All posts by Sheldon Wiebe

MOVIE REVIEW: Murphy’s Newest Film Doesn’t Suck – Imagine That!

Imagine That is a better movie than either of Eddie Murphy’s last two live-action films [Meet Dave and Norbit]. That might seem like damning it with faint praise, but Imagine That is a relatively well written, decent little story that is not – as the trailer might have suggested – the Eddie Murphy version of Bedtime Stories. Instead, it’s a riff on the same tropes that gave Dwayne Johnson his first big hit in The Game Plan – in this case the workaholic father [Murphy] who only begins to bond with his daughter [Yara Shahidi] when her imaginary friends give him astoundingly accurate assessments of companies in which his clients might wish to invest.

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Evan Danielson [Murphy] is the investment executive dad and Olivia [Shahidi] is the imaginative daughter. To provide a little friction, Danielson has a competitor in the invest biz by the name of Johnny Whitefeather [a perfectly unctuous Thomas Hayden Church] who gussies up his investment strategies in quasi-Native American hoopla.

The script, by Ed Solomon and Chris Matheson, relies too heavily on the building animosity between Danielson and Whitefeather to be more than a pleasant diversion. Its saving grace is the chemistry between Murphy and Shahidi – and Murphy plays Danielson’s willingness to act silly to get investment advice from the imaginary friends with just enough looseness to suggest that, on some level, he really is beginning to bond with Olivia. The other performance worthy of note is Nicole Ari Parker, who plays Olivia’s mom, Trish, with the right amount of exasperation towards Danielson’s missteps and the right amount of protectiveness about her daughter’s feelings.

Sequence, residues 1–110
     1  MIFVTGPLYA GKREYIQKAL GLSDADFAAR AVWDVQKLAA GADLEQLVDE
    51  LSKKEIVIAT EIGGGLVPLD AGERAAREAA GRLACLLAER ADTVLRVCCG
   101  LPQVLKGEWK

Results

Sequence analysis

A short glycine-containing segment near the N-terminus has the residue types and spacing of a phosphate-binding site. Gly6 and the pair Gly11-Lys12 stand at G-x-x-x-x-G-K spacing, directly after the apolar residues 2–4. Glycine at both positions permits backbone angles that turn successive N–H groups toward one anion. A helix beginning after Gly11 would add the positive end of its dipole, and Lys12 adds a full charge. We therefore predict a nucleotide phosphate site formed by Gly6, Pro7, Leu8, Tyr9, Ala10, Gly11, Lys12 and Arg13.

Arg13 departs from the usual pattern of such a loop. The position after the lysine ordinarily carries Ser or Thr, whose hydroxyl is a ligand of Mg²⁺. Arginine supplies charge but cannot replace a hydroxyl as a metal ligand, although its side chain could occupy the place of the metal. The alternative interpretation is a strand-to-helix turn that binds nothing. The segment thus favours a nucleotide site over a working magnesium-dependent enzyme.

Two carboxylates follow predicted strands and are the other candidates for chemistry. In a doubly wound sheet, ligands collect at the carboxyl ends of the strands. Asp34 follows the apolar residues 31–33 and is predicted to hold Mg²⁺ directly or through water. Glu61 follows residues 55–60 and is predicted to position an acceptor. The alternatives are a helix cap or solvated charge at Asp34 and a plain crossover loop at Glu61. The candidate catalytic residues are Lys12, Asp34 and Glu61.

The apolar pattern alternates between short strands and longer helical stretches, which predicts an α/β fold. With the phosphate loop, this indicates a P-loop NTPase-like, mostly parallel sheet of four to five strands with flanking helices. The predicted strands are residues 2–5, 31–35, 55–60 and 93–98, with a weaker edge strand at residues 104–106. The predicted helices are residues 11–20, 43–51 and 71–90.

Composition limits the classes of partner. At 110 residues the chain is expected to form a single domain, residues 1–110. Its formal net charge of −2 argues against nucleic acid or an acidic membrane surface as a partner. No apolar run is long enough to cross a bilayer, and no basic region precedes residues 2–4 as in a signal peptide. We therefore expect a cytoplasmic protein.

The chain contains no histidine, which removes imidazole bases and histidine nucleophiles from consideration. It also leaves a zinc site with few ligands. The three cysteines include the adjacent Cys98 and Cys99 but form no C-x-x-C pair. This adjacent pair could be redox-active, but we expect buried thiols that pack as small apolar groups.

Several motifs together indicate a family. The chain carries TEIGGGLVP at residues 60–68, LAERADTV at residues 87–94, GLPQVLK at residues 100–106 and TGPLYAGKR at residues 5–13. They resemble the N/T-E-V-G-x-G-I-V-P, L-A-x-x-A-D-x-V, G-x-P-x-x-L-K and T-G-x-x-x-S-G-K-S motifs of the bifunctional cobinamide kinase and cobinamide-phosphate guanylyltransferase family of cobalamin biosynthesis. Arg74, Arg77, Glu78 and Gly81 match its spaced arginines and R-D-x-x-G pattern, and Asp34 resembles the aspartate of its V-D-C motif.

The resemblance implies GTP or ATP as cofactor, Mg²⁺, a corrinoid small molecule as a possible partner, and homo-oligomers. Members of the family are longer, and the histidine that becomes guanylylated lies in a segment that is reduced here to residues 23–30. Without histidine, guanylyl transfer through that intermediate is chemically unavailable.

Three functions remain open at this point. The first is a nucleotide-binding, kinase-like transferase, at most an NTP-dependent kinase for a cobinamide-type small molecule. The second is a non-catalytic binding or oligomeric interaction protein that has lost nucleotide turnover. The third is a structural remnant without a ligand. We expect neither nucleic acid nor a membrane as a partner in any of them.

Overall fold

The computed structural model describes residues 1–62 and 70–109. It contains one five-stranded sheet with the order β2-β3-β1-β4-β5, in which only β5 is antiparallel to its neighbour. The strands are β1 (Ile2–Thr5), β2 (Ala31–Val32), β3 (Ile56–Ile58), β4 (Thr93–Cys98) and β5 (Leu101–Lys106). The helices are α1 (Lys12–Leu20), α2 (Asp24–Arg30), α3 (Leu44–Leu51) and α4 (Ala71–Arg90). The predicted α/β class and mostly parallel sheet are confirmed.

Imagine That is more than a little predictable, and it does stray too far from its emotional center on more than one occasion – but, unlike Norbit [which was just mean and ugly] and Meet Dave [which was just not funny], it does work when centered on father and daughter. Karey Kirkpatrick keeps things moving well enough that the Danielson/Whitefeather animosity zips by before it gets too far from the heart of the film – though a bit with Whitefeather’s son is pretty useless.

Overall, though, Imagine That is good enough to sit through once. Whether that one time is in a theater or at home when the DVD comes out is up to you.

Final Grade: C+

FIRST LOOK: Fierce Light – Spiritual Activism Behind Velcrow Ripper’s Thoughtful, Reflective Documentary

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Every now and then, I get to see unique films that may not reach all audiences at the same time. Usually, these are independent films – and occasionally, they are worthwhile, thought provoking documentaries like Velcrow Ripper’s Fierce Light: When Spirit Meets Action.